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Through the pages of Heidi Gearhart’s book, Theophilus and the Theory and Practice of Medieval Art, readers are introduced to the surviving medieval copies of Theophilus’s text, On Diverse Arts, and are provided the opportunity to reframe the academy’s classification of this celebrated treatise. Gearhart makes a convincing argument that based on physical evidence, along with the prologues and instructions of On Diverse Arts (often described as a practical handbook or a recipe collection), Theophilus methodically lays out the specific processes for a deliberate system of art-making principles and values—in essence “a distinctly medieval theory of art” (1). The intended reader of On Diverse Arts was likely either a monastic artist or patron situated within the realm of the Benedictine abbeys of the Holy Roman Empire during the twelfth century. Like her subject, Gearhart diligently (diligentia) examines the physical evidence with great care (cautela or studiose)—these are among many other adverbs that Theophilus repeatedly uses to describe to his reader not only how to make a particular object but also the specific manner in which to do it: subtly, lightly, gently, with moderation, and with measure. Artistic skill and art making both become a moralized practice of virtue that entails patience, attentiveness, and knowledge.
The four core chapters of the book, aside from the introductory and concluding chapters, are clustered around some of the extant medieval copies of On Diverse Arts. From this perspective, Gearhart is able to explore the manuscripts within particular contexts related to codicology, provenance, and evidence of use. For instance, chapter 1, “Pedagogy and Exegesis,” dives into the folios of the Wolfenbüttel copy of On Diverse Arts that intriguingly is bound with a partial copy of Vitruvius’s On Architecture. The similarities in the content, structure, and visual design of the two texts are certainly remarkable. Like Vitruvius, Theophilus used prologues to structure the subsequent text within a set of values and principles, albeit a Christian one. The decision by the Wolfenbüttel scribe to bind the two books together allowed for the medieval text to be cast as a piece of (didactic) literature, “as a text with structure, narrative, and a learned sophistication” (21), not merely as a haphazard compilation of instructions and recipes “with no order or internal organization” (2). By establishing a clear intention by the Wolfenbüttel scribe to build Theophilus’s authority on that of a great ancient, Gearhart is then able to ground her principal argument that On Diverse Arts should be recognized as a well-conceived medieval theory of art.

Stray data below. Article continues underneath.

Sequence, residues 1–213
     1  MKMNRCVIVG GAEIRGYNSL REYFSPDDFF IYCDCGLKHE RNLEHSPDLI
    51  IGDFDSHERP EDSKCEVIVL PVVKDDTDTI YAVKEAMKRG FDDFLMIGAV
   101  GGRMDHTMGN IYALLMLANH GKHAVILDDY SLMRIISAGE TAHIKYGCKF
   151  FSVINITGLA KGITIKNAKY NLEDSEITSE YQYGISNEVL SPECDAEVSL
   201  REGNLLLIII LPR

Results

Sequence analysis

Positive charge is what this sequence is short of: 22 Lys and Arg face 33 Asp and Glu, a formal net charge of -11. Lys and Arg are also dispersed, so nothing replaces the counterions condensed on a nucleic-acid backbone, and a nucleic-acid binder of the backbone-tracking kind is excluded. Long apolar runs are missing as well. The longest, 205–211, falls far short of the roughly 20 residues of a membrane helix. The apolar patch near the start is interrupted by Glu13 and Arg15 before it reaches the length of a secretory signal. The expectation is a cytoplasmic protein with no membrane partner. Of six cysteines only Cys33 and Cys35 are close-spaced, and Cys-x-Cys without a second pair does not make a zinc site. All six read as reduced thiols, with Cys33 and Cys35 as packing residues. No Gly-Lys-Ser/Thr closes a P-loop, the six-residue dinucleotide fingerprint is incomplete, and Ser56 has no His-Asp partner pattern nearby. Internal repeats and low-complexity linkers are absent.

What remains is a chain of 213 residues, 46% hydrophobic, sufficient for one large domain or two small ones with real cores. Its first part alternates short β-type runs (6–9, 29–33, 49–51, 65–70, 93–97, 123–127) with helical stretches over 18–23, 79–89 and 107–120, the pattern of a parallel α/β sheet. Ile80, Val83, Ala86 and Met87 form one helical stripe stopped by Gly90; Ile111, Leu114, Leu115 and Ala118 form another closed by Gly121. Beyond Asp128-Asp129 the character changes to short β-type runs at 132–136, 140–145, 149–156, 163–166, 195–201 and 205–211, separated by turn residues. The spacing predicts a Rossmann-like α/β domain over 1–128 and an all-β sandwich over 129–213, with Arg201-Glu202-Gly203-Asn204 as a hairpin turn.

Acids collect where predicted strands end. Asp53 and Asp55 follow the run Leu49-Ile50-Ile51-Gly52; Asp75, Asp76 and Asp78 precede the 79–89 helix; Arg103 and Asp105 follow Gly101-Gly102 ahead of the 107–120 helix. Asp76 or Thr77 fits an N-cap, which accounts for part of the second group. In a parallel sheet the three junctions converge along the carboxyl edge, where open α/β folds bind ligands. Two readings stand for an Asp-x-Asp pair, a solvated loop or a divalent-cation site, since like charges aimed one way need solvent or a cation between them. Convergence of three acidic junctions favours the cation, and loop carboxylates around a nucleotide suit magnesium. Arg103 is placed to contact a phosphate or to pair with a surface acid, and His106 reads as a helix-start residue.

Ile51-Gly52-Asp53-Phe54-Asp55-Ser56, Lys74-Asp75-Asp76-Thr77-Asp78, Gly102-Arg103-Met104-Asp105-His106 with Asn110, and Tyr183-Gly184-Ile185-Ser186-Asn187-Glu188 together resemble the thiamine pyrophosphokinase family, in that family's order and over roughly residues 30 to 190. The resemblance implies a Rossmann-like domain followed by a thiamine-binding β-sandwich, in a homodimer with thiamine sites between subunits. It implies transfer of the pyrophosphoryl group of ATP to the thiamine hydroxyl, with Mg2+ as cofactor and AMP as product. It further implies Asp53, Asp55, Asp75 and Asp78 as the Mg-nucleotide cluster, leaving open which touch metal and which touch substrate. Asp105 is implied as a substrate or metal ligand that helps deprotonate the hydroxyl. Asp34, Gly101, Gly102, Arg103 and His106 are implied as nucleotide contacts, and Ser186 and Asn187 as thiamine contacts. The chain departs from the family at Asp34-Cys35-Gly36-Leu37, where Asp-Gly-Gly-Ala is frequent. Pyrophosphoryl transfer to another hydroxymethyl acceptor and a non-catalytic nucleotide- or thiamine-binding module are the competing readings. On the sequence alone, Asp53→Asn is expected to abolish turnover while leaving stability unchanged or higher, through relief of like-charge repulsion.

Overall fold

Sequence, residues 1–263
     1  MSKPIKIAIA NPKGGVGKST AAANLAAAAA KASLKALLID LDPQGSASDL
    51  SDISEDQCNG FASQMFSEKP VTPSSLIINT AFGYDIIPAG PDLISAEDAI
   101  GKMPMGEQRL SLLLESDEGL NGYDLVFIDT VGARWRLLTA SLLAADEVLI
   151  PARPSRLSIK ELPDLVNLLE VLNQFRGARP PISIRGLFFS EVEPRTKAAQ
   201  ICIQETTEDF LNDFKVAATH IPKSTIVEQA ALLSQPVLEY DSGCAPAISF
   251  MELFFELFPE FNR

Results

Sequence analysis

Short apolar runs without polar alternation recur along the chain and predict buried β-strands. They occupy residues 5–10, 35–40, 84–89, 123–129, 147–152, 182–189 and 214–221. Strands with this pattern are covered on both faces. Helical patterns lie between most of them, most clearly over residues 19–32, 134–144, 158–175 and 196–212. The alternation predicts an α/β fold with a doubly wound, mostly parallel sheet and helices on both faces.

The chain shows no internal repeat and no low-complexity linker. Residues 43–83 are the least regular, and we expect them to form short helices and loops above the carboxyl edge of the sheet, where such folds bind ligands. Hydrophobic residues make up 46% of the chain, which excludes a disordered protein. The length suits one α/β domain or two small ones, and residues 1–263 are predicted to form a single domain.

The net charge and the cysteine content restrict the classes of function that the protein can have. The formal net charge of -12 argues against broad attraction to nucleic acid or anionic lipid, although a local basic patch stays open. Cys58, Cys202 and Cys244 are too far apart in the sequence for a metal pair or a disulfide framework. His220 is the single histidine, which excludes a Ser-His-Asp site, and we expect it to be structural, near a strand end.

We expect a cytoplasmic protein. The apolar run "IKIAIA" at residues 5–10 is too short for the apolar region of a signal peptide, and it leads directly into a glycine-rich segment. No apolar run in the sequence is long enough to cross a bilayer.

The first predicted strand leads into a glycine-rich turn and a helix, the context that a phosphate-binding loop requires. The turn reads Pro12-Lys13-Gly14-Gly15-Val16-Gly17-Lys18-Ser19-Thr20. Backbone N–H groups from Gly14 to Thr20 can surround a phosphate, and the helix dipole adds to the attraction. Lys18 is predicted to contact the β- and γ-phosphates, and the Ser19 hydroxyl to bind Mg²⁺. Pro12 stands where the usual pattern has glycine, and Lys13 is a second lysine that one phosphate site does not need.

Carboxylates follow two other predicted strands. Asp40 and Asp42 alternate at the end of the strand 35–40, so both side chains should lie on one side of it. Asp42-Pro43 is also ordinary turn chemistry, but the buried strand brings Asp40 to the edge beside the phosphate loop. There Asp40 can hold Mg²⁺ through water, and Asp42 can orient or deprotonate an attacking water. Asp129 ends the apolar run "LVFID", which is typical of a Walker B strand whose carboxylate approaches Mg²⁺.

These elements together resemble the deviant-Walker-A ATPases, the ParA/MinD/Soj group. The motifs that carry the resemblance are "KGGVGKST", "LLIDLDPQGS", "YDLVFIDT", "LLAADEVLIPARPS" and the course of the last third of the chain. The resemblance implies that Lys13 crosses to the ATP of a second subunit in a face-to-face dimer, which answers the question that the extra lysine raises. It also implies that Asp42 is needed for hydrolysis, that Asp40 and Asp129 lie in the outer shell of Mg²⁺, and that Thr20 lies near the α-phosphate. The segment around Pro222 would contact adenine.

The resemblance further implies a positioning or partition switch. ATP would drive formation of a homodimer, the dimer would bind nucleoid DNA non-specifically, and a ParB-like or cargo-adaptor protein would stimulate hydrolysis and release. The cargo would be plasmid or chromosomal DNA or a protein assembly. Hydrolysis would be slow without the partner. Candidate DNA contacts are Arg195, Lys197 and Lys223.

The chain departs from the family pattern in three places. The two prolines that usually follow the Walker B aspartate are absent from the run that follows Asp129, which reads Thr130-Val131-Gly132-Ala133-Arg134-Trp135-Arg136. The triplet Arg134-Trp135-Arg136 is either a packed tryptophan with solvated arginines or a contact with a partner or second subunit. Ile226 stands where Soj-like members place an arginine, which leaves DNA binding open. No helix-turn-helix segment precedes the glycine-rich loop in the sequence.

In the same chapter, Gearhart elevates the exegetical meaning of On Diverse Arts in her persuasive analysis of the third prologue when Theophilus presents how the artist may invoke the seven gifts of the Holy Spirit: wisdom, understanding, counsel, fortitude, knowledge, godliness, and fear of the Lord. These gifts can be understood as a series of virtues; mastering one virtue and moving on to the next, they serve as a philosophy of learning that is linked to the writings of Saint Augustine, Rupert of Deutz, and Hugh of Saint Victor. This type of pedagogical strategy in the twelfth century is connected to monastic learning and spiritual development; it served as a template for the Christian life. Consequently, Theophilus prescribes the practice and making of art as a form of spiritual ascent.
Chapter 2, “Transformation of Matter,” explores the context of another medieval copy of On Diverse Arts (in Cambridge) that is bound with Palladius’s Opus Agriculturae and De viribus herbarum, a medical text attributed to Macer. As a result of this combination of texts, Gearhart localizes this copy within the didactic literary tradition and more specifically one that engages with the fields of the natural world and scientific knowledge. She then goes on to explain that didactic literature in the twelfth century is organized by a building-block approach with chapters and books that build “one upon another in hierarchies of complexity” (51). In this instance, Gearhart asserts that On Diverse Arts may be positioned among other twelfth-century texts that present “a set of instructions for understanding and manipulating the natural world” (54).